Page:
Philips 55PFL5706/F7 LCD TV Review
The Philips 55PFL5706 is worth checking out if you want a smart TV for less.
Koninklijke Philips Electronics, or Philips, as its better known, has been selling TVs since 1949. The Dutch electronics manufacturer released their 5000 series televisions this year. The 5000 series are economically priced smart TVs, and guess what? They aren’t bad.
The 55PFL5706 (MSRP $1,200) is the largest of the company’s 5000 series models. This Philips had some solid performance scores, especially when it came to its superb viewing angle and above-average audio. The menu interface is easy on the eyes and simple to use. Even the smart platform on this TV, called Net TV, was decent, which was a pleasant surprise. That said, there were some issues with color accuracy and motion performance that prevent the 55PFL5706 from being an easy recommendation.
The design is more Uncle Phil than King Philip.
The Philips 55PFL5706 includes all of the essential ports, like four HDMI ports, a USB port, a component input, and a composite input. The placement of these connections could have been better, specifically the three HDMI ports underneath the composite input. These ports are facing downward and can make connecting an additional video game console or Blu-Ray player rather difficult.
The design of the 55PFL5706 can be summed up as unremarkable and uninspired: it is thick and constructed from cheap-feeling plastic. The bezel around the screen looks like it could be pulled off if enough force was applied. My biggest complaint with the design, though, is the unresponsive remote. I'm not sure whether this is an issue with the infrared sensor in the TV or the signal coming from the remote itself, but if the remote is not pointed directly at the TV's sensor, it will not work.
With that said, the Philips 55PFL5706 is not an offensive looking TV, but don’t expect the same quality and sleek design that a nearly $4,000 Samsung will get you.
Smart TV Features
Philips' smart platform, Net TV, is decent.
This TV's menu interface isn't bad. It's a simple, semi-transparent rectangle in the middle of the screen that lists options for Picture, Sound, Features, Installation, and Software. Picture and Sound are self-explanatory. Features has options for a child lock and closed-caption settings. Installation has Clock, Language, and Network settings. Software allows you to update the software version as well as deactivate your Netflix, YouTube, and VUDU accounts. This is actually a great option for people who don’t want their lowlife roommates leeching off of their Netflix subscription.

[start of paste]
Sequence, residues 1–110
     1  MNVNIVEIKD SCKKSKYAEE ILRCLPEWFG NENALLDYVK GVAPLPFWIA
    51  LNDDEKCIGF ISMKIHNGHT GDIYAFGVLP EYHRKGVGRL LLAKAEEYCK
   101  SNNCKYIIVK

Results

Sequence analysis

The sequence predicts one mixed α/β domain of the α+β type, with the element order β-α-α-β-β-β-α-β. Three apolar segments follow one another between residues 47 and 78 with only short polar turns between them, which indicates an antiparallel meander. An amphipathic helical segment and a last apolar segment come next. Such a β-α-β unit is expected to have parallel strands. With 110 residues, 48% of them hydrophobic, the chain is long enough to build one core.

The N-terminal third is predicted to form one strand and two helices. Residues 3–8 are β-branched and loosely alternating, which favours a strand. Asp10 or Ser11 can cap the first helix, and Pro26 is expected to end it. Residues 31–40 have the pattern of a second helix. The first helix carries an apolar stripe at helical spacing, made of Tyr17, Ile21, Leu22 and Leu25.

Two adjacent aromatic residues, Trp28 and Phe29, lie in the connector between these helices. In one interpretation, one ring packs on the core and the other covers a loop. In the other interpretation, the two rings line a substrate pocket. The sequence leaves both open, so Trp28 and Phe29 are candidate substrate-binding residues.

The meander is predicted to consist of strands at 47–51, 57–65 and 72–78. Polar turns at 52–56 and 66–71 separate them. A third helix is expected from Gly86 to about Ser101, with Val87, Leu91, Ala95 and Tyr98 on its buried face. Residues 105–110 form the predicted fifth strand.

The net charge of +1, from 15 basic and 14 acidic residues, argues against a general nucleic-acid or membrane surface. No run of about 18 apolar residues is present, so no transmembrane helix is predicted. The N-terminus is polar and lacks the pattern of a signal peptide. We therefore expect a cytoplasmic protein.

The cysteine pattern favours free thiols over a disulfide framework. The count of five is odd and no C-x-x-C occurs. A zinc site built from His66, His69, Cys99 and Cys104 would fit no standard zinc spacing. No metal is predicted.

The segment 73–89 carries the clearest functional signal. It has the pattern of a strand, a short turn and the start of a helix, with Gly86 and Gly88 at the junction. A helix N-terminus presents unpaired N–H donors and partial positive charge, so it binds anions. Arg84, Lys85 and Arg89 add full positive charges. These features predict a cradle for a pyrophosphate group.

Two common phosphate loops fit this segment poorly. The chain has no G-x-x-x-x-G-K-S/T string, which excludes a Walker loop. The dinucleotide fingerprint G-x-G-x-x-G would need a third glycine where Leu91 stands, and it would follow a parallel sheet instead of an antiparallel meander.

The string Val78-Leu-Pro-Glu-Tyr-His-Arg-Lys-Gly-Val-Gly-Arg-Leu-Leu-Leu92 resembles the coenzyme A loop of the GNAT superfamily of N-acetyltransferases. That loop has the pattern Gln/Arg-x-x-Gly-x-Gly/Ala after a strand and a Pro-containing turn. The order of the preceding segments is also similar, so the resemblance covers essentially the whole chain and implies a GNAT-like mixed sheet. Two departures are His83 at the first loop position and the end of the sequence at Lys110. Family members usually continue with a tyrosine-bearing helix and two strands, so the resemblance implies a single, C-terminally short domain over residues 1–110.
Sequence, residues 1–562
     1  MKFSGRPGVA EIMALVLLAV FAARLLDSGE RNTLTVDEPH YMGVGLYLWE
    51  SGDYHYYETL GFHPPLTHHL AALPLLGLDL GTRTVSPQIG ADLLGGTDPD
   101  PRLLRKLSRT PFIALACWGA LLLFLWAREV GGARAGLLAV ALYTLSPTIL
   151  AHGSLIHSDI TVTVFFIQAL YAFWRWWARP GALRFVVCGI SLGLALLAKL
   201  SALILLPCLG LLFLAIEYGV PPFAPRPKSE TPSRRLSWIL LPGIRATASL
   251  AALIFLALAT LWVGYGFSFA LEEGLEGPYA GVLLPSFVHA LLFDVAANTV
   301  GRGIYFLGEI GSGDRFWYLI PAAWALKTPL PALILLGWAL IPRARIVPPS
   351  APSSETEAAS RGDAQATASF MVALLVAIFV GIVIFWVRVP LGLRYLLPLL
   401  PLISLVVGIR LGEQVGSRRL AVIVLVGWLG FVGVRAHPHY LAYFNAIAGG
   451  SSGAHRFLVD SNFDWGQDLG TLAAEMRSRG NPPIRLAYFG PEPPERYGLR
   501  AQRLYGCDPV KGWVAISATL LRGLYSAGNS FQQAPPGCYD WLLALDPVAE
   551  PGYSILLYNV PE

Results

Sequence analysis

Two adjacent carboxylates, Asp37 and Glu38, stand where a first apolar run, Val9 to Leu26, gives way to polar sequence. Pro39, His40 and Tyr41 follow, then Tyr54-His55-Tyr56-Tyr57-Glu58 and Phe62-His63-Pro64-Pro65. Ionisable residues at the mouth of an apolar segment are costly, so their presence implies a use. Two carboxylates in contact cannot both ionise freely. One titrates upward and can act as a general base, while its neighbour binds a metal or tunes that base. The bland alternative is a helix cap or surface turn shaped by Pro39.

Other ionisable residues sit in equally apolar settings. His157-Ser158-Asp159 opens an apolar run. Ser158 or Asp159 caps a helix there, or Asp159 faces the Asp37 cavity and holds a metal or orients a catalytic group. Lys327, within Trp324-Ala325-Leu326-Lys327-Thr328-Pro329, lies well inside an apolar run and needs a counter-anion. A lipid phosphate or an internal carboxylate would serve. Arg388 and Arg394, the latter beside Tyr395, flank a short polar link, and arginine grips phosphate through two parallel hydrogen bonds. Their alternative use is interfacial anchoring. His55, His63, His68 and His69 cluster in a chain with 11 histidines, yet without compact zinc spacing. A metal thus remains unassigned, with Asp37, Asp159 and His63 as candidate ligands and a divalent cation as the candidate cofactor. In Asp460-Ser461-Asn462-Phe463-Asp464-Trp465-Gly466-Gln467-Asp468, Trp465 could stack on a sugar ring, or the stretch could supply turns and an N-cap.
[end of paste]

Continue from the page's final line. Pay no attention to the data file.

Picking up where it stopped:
Speaking of Netflix—yes, it is included on the 55PFL5706. Didn't know Philips had a smart platform? It was news to me, too. Philips calls its smart platform Net TV and to be honest, it’s not the worst platform I've seen. Net TV offers a fair amount of substance because it uses three separate content providers: CloudTV, vTuner, and VUDU. This gives Philips access to a wide array of content, although some names are absent. Netflix is here, but Hulu Plus and Amazon Instant Video are not present. Furthermore the overall performance of the smart platform is rather sluggish.
Color accuracy and motion performance were problematic.
The most impressive feature on the Philips 55PFL5706 is the wide total viewing angle of 74°, which is excellent for an LCD TV. Unfortunately, other features were not nearly as good.
Colors on the 55PFL5706 are off—they appear more vivid than they should. Motion is another problem area: images are very blurry when moving across the screen, vertical lines are jagged when going horizontally across the screen, and color trailing is very noticeable.
While this Philips doesn't have the best picture quality, it manages to have impressive audio. I realize that no one in their right mind would purchase a TV strictly for its sound quality, but the 55PFL5706 deserves credit for the clean audio coming from its two 10-watt speakers.
While its picture quality isn't top-notch, this Philips has some worthwhile features.
We are pretty impressed by the Philips 55PFL5706. Its viewing angle, audio, and menu interface are good. It even has a decent smart platform in Net TV. While the 55PFL5706 stumbles when it comes to motion performance, color accuracy, and especially the unresponsive remote, it is't enough to leave a completely negative impression. As long as you aren't expecting to be blown away by its picture quality, the Philips 55PFL5706 is worth checking out if you want a smart TV for less.
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